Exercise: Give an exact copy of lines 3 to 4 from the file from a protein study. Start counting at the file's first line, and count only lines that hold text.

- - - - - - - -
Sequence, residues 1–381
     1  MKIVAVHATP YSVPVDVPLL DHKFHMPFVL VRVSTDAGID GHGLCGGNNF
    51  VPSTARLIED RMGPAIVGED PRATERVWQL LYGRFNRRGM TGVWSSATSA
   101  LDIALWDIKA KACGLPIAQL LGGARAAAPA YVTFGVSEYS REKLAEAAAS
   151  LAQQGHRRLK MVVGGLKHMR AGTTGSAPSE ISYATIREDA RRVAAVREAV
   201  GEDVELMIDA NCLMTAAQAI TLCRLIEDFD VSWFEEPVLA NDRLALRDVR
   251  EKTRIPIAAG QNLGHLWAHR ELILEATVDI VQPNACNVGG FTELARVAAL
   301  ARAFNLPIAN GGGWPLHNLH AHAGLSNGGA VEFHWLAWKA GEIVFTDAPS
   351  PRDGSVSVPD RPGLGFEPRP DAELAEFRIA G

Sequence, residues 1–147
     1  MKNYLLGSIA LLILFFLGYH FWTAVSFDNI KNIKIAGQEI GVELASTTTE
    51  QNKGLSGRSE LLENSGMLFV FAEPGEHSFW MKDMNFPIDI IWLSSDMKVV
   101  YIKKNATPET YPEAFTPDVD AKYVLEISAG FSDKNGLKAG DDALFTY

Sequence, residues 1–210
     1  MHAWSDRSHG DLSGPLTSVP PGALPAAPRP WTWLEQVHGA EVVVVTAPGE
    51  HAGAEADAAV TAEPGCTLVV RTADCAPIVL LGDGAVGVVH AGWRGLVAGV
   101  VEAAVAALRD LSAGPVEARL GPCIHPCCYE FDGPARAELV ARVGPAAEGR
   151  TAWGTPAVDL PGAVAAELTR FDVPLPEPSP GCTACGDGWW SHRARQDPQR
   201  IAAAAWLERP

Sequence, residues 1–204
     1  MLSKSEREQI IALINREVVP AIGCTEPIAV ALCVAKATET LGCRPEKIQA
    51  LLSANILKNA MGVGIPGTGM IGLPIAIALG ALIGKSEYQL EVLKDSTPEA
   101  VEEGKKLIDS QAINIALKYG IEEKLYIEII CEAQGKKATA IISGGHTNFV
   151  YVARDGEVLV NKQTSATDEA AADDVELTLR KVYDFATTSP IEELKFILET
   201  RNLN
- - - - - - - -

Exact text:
    51  VPSTARLIED RMGPAIVGED PRATERVWQL LYGRFNRRGM TGVWSSATSA
   101  LDIALWDIKA KACGLPIAQL LGGARAAAPA YVTFGVSEYS REKLAEAAAS